The promise and horror of the future depicted by sci-fi is well known and leads to the realization that imagined future-scapes relate to contemporary society. This line of thought is so facile it is often a little embarrassing to discuss it directly. Consider the original Star Trek episode “Let That Be Your Last Battlefield” in which Captain Kirk encounters a conflict within a species of aliens with two races: one race with their left sides black, and their right sides white, and the other with reversed skin tones. But sometimes these overly stylized concerns approach issues we reluctantly address in other areas of debate.
So Long Been Dreaming contains many stories that opt for this type of discourse about issues in our post-colonial world (a world populated by both residents of former colonies and the people taken as slaves and cheap labor from their original homelands). But the editors Nalo Hopkinson and Uppinder Mehan have selected stories that discuss them in complicated ways. This collection is appropriate since “post-colonial” may be how our century is remembered: Former colonies will continue to face the growing pains of statehood, former colonial powers must deal with their loss of imperial grandeur and the memories of the frequent brutality they needed to maintain those regions they “explored.”
So Long Been Dreaming
Nalo Hopkinson and Uppinder Mehan
Postcolonial Science Fiction and Fantasy
(Arsenal Pulp Press)
Explore. This word so central to science fiction and fantasy explodes with the promise of adventure and treasure—both intellectual and economic. Explore, the harbinger of colonization. We explore space for scientific discovery but quickly discuss the possibility of Martian and Lunar colonies. But explore contains the more sinister implication of exploit; certainly the plural noun “exploits” has a sense of adventure but the word “explore” is tainted with the tenuous relationship with our colonial predecessors, those that expanded our empires, Christopher Columbus, the conquistadors, Andrew Jackson, etc.
We cannot reverse the effects of colonization: exploration alters not only the colonized, “discovered” people but the explorer. With this in mind So Long‘s editors confront the issues of not only how to approach sci-fi and fantasy in an increasingly post-colonial world but also what the genre brings to post-colonial individuals. At the heart of these issues, Nalo Hopkinson recalls in his introduction Audre Lorde’s comment that “Massa’s tools will never dismantle massa’s house.” So it is of no surprise that running through these stories is a troubling relationship between the excesses of the colonizers and the occasional benefits they bring.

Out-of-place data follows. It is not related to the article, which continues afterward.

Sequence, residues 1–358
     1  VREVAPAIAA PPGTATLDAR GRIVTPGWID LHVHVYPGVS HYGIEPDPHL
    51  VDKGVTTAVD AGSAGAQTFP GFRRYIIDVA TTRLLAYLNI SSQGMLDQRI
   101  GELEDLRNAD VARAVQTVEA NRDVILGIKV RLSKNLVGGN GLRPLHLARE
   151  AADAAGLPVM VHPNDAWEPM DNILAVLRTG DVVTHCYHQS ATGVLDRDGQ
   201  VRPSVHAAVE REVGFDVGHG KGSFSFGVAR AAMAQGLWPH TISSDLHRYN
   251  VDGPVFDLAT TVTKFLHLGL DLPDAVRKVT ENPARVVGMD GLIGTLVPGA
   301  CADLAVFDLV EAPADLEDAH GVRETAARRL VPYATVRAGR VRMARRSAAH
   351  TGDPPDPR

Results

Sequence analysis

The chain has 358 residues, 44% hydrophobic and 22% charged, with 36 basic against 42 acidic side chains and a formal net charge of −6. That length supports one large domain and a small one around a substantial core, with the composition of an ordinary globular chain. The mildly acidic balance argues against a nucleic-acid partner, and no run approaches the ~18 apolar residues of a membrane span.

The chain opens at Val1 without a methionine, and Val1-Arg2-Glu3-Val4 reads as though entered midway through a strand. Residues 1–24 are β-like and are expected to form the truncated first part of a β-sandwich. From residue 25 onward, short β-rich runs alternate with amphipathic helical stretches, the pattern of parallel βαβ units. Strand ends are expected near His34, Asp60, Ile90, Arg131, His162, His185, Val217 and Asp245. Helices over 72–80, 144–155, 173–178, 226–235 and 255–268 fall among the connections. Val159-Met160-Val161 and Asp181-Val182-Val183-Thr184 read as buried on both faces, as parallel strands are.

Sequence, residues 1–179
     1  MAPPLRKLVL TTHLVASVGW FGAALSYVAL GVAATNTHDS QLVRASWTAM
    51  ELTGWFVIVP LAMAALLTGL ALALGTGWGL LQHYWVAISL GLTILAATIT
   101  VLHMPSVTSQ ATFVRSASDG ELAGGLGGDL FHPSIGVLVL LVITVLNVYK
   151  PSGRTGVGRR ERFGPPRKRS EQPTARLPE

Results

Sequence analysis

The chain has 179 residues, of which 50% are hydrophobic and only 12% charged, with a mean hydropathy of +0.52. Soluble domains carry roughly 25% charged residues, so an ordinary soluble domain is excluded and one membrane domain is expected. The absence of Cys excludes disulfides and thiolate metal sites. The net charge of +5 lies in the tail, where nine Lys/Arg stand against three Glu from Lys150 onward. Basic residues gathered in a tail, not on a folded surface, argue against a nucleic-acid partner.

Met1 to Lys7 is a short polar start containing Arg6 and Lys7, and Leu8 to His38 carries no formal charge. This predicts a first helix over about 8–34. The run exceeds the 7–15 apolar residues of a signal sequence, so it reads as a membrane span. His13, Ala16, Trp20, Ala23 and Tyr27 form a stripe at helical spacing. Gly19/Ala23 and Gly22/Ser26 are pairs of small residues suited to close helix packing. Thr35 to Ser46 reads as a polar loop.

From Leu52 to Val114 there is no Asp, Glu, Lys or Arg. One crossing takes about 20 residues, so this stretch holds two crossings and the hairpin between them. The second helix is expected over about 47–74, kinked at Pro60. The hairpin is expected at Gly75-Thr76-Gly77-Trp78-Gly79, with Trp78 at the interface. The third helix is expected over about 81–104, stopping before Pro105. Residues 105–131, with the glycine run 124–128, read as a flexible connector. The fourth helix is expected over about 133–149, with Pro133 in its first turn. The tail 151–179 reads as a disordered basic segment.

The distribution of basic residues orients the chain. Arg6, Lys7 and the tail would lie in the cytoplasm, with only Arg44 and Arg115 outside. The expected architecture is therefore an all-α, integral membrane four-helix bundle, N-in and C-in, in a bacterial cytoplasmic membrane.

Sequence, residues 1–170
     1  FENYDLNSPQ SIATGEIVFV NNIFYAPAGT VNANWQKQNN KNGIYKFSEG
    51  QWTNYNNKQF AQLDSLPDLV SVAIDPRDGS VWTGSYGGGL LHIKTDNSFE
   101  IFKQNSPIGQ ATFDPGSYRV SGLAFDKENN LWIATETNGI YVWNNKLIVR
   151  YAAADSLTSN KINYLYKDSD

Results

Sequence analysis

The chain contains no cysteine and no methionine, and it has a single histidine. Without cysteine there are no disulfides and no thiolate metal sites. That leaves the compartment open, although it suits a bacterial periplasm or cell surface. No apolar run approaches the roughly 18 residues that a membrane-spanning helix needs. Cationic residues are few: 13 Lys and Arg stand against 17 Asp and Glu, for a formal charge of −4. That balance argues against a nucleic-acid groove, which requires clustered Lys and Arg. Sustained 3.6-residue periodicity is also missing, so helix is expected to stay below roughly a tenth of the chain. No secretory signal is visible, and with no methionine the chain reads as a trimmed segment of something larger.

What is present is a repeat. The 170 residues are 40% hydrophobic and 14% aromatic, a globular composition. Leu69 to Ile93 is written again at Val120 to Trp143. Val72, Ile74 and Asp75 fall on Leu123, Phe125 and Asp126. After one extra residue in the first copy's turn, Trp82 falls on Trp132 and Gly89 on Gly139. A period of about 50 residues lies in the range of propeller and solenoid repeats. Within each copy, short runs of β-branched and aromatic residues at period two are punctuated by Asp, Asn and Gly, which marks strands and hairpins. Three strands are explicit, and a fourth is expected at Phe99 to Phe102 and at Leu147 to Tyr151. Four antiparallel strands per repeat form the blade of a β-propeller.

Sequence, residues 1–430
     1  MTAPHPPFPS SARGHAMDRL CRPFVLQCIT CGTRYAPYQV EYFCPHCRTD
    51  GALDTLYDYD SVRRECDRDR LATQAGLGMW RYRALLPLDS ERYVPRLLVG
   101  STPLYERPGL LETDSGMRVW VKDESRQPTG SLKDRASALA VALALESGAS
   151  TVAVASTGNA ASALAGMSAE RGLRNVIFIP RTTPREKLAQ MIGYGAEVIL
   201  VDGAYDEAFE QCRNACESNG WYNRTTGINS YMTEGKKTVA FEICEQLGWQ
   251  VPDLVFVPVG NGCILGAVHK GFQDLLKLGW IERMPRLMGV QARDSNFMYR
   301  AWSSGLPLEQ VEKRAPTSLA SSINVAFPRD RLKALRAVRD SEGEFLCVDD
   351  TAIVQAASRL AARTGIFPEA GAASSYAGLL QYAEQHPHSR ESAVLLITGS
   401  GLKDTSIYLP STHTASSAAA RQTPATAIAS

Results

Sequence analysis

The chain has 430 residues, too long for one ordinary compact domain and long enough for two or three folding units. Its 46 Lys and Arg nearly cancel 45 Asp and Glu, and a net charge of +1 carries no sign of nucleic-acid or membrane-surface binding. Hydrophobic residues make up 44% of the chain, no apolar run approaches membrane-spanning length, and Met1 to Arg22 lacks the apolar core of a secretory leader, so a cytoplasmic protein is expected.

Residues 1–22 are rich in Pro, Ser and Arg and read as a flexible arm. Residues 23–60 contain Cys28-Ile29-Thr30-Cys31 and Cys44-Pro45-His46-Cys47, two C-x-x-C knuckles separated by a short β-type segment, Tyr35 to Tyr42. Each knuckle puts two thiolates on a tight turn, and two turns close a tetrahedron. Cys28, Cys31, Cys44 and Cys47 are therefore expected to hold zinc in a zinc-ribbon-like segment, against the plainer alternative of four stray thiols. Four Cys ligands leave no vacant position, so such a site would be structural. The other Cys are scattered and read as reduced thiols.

Celu Amberstone’s Refugees addresses this tension by revealing a preserve, arranged by a benevolent alien race, the Benefactors, for the few remaining humans in the universe. But when survivors from Earth’s final disaster are brought to this new world, questions arise about why humans have such caring protectors and what the protectors gain for themselves in helping humanity. These lead to the story’s central inquiry: What do the best intentions bring when they are unwanted? Crusades are fought to bring people the truth. Colonists find, in addition to economic exploitation, they are also required “to civilize” the people they exploit.
Questions about the desire to survive and perpetuate culture are also asked in the collection. Kobayashi casts her interest in “Panopte’s Eye” on the ultimate end of our global economy, which is built on colonized ground. In her post-apocalyptic tale, humanity barely survives in isolated cities and communicates with other settlements through caravans carrying scavenged goods and slaves. In this environment, small acts of faith by two city dwellers preserve humanity. But for what reason? Likewise Nnedi Okorafor-Mbachu in her story “When Scarabs Multiply” gives us a similar environment of isolated communities linked occasionally by caravans which bring civilization and culture, later corrupted by the villagers.
The juxtaposition of these stories (and not just these two in particular) creates an overarching framework for investigating the difficulties of our post-colonial world. But this framework provides no final authoritative indictment of colonization and the post-colonial period, other than this history is troubling and unresolved.
The editors have kept to an excellent standard of science fiction and fantasy, collecting all manner of genre from the space opera of Tobias S. Buckell’s “Necahul,” to the fable of Wayde Compton’s “The Blue Road: A Fairy Tale,” to the apocalyptic vision of Tomai Kobayashi’s “Panopte’s Eye.” However as well as these stories read, as much as they challenge, they never challenge the genre itself. While this lack of struggle with genre is in no way a commentary on the quality of the work, I am concerned it will cause this collection to be inappropriately ghettoized near books with covers depicting spaceships and generously busted she-aliens. This would be unfortunate, because the editors have collected an excellent group of stories that often show finesse in approaching difficult subjects regardless of genre.
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